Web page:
• Use the OpenMove app to buy tickets since it’s a bit cheaper, and get a Libera Circolazione pass once you have enrolled in the uni for extra cheap. The TrainTimetable app is good for seeing when your trains are late, by the way.
  • Don’t take train transfers of less than 20 minutes trains are late more often than not.
  • The university system is just you going to lectures for a couple months, and then studying like mad for a single final at the end.
  • Take the initiative when searching for internships. Find yourself something paid (will probably be abroad in that case). FBK in Povo is a good option (though most of their internships aren’t paid).
  • Before coming, try to take calculus, linear algebra, and python, plus statistics/probability if there’s time, and at least an introductory linguistics course
  • The scholarship is enough to cover a frugal cost of living in a shared flat, but costs are higher than in Saarland at least.

Overall, I enjoyed my second year for the experiences. I learned Italian to the point that I could get around (after having started from only knowing some French), I hiked some of the most beautiful hiking paths in the world, swam in some of the nicest lakes, and learned to do aerial silks. I didn’t learn much NLP though, because of the limited selection of courses, so I am quite far behind now, and will have to teach myself even more. Now that I am trying to apply to jobs, I know just how patchy my education has been. But for that, I should write another post.

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I’ll miss the view outside my window.

Costs for the year:

These costs are from the beginning of Sept. 2017 through the end of Oct. 2018 (so actually 13 months). I wrote monthly costs over the course of the year, but those were estimated and probably a bit off. These numbers should be more accurate for the entire period.

I spent €19587. It was good that I got a nice paid internship to supplement the scholarship, since the scholarship alone would have made this year a lot less fun. I spent a little less than last year, over a longer period of time, and I feel like the money went a further way… but that’s because a lot of the lowered costs can be attributed to living with my husband, and having him split half of it, since actually, the cost of living in Trentino is higher than in Saarland. This can easily be seen in the fact that I spent almost only around 30% of my income on rent/bills last year, as compared to 45% this year. Groceries, dining out, and clothes were definitely more expensive too, although it’s poorly reflected in the values below, since I just ate out less, bought few clothes, and my husband helped a lot with groceries.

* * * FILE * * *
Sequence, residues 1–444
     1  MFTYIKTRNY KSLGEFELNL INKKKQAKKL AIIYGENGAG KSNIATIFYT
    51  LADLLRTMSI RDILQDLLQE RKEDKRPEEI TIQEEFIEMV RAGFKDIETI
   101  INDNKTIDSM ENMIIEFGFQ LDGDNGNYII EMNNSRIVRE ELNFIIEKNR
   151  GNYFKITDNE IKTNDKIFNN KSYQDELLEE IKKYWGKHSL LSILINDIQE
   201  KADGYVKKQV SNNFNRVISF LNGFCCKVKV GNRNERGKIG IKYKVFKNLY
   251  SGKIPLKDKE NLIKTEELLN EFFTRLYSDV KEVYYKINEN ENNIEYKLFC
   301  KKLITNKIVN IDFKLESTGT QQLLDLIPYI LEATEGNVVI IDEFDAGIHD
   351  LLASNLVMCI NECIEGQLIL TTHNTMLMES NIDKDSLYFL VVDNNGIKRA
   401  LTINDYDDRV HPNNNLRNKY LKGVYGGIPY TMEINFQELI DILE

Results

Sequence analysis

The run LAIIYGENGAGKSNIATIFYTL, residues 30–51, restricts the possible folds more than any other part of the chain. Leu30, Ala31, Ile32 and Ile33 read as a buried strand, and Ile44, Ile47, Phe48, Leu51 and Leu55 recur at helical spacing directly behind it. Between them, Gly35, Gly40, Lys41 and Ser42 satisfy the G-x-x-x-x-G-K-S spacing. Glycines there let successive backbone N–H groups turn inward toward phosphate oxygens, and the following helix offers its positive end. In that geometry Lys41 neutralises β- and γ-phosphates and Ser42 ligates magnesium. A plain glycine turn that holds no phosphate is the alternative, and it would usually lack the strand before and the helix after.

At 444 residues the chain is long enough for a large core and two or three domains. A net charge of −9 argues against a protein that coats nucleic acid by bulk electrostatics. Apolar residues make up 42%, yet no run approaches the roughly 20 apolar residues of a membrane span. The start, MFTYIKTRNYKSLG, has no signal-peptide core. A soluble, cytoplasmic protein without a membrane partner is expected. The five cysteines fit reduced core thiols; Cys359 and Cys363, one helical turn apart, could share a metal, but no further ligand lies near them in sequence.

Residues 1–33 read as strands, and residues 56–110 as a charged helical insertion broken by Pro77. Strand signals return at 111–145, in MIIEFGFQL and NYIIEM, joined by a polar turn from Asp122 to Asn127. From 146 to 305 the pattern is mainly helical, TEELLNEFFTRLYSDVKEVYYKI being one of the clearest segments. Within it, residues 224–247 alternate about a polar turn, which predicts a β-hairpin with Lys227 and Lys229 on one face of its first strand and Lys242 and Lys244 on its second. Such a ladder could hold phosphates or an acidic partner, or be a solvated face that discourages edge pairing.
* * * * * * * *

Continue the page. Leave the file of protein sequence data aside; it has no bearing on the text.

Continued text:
• 44.95% rent and bills (incl. internet and phone)
  • 21.98% travel
  • 9.79% groceries
  • 8.09% dining out
  • 3.29% medical expenses
  • 2.46% sports (mainly aerial silks)
  • 2.07% clothes
  • 2.00% public transportation
  • 1.22% education
  • 4.15% misc (gifts, entertainment, video games, etc.)

I met some of my financial goes from last year, and failed to meet others:

  1. Goal: not have more tech break (not entirely in my control obviously)
    • Failed. My work laptop broke 3 weeks before my thesis was due. I have yet to buy a new one.
  2. Goal: be smarter about ordering travel tickets ahead of time
    • Failed. If anything, I got more spontaneous and worse at this! Oops!
  3. Goal: go out less and/or cook wisely
    • Succeeded. Mostly thanks to my amazing husband.
  4. Goal: spend more time/money on sports
    • Succeeded. And spectacularly! Thanks to aerial silks.

My goals for the next year include:

  1. Find a good job and and a new place to live!
  2. Really have no more tech break on me… is this possible at all?
  3. Again, be smarter about travel. If I find a good job, I probably won’t have as much opportunity to be spontaneous so I will really have to plan ahead I think.
  4. Increase time spent on sports (and therefore money), because it’s fun.
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Getting actually lost amongst the vines somewhere near Rovereto.

Officialization 14: Getting a travel pass

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Limone sul Garda

Officialization TOC

  1. Officialization 1: WTF comes next in Italy?
  2. Officialization 2: Apartment
  3. Officialization 3: Internet
  4. Officialization 4: Stay Permit, part I
  5. Officialization 5: Picking Courses
  6. Officialization 6: Stay Permit, part II
  7. Officialization 7: TV Tax
  8. Officialization 8: Stay Permit, part III
  9. Officialization 9: Residenzia
  10. Officialization 10: Health Insurance
  11. Officialization 11: Thesis Registration
  12. Officialization 12: Stay Permit, part IV
  13. Officialization 13: Going to the doctors
  14. Officialization 14: Getting a travel pass  <– You are here

Getting a travel pass